Weighing Awkwardness vs. Potential
By Paul Myerberg // Jun 6, 2011
Oliver Luck impacted college football in two ways this summer: one, by effectively managing his son’s decision to return to Stanford for his junior season; and two, by hiring Dana Holgorsen as West Virginia’s offensive coordinator and head-coach-in-waiting, setting up a rapid succession plan for the underachieving Bill Stewart. The first move was and has been an unqualified success, both for the Lucks and Stanford. The second was and will be a coaching coup, but unfortunately for Luck, Stewart, Holgorsen and the entire West Virginia family, it’s been an awkward transition.
We should have expected nothing less. Stewart has and will always be loyal to West Virginia first and foremost, so that he took such a slight — naming his successor with only a one-year waiting period — without any outward negative comment speaks to his love of this university. But he surely didn’t care for being pushed out the door.
And he had to have seen this coming. Stewart needed only to look at nearby Marshall for an example of an incumbent coach facing the music upon the arrival of a new athletic director: comparing Stewart and Mark Snyder isn’t quite fair, as Stewart has won games in Morgantown, but similarly to the circumstances at W.V.U., Snyder was relieved of his duties soon after Mike Hamrick became the school’s A.D.
Luck was hired at his alma mater nearly one year ago, and roughly six months later had laid out a blueprint for the future of West Virginia football. It didn’t include Stewart — at least not past 2011. It included Holgorsen front and center as the face of the program — beginning in 2012, at least. Luck’s decision was inspired but flawed in the short-term, as there is no escaping the potential for staff infighting as old meets news, as the past makes way for the future. That’s always a painful transition.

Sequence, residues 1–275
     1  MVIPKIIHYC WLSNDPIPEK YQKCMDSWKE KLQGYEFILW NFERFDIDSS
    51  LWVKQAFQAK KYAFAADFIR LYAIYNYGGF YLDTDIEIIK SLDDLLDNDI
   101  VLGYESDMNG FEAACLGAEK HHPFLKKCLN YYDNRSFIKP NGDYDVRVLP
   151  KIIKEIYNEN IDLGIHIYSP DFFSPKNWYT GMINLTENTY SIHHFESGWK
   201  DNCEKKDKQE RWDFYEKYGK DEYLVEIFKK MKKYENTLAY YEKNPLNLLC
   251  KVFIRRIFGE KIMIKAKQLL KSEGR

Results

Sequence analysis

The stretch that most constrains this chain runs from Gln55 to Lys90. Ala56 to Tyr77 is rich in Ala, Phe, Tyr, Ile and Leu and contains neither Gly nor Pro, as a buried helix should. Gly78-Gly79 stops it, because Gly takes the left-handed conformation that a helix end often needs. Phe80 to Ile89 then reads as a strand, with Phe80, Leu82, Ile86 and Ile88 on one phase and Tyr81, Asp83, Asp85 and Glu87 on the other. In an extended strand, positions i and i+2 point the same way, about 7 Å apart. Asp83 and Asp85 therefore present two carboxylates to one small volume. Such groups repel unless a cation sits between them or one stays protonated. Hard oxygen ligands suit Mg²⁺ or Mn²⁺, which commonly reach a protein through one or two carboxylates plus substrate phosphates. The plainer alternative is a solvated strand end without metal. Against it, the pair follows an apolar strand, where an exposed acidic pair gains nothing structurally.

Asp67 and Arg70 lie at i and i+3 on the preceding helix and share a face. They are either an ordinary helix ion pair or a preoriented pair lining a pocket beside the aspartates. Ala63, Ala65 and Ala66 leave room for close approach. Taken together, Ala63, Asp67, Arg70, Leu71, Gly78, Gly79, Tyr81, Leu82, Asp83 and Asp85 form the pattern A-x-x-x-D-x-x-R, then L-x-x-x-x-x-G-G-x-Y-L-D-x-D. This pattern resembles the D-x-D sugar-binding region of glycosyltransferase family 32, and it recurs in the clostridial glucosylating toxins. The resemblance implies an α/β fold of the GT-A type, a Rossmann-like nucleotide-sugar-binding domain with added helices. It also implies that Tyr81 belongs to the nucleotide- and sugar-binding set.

Like Stewart, Luck had to know this was going to happen. More likely than not, he weighed the positives and negatives and came to the following conclusion: the drawback of a gossip-filled, potentially underachieving 2011 season was worth the end result. That must have been his decision, because there’s now way Luck couldn’t have seen this coming. Most of us did.
Not only is the head coach a lame duck, but also a significant portion of the staff. At least it feels that way; Holgorsen and Luck should do everything in their power to keep defensive coordinator Jeff Casteel’s services. But those assistants who came in or continued their tenures under Stewart must feel like updating their resumes.
So there have been rumblings that there is a disconnect between the old and the new, to put it lightly. Even if these rumors are not true to the degree that they’ve been presented, they do highlight what is certainly a tense and awkward working environment between the holdovers and the new additions. Think of the normal head-coach-in-waiting scenario: it got ugly at Florida State, particularly during the final months leading to Jimbo Fisher’s ascension, for example.
Now multiply that. It doesn’t get much more awkward than what’s happening at West Virginia: Stewart doesn’t want to go, nor do his assistants; Holgorsen’s chomping at the bit; Luck can’t be sleeping well; and West Virginia fans are wondering whether to write this season off and wait for 2012 or to keep the faith, knowing that despite the disarray the program has added an offensive coordinator worth any pain that accompanies his arrival.
If there’s any doubt about the latter option, whether to keep the faith, do know that Luck has already weighed the question and come up firmly in Holgorsen’s favor. As he should: Holgorsen is worth the wait. And the awkwardness.
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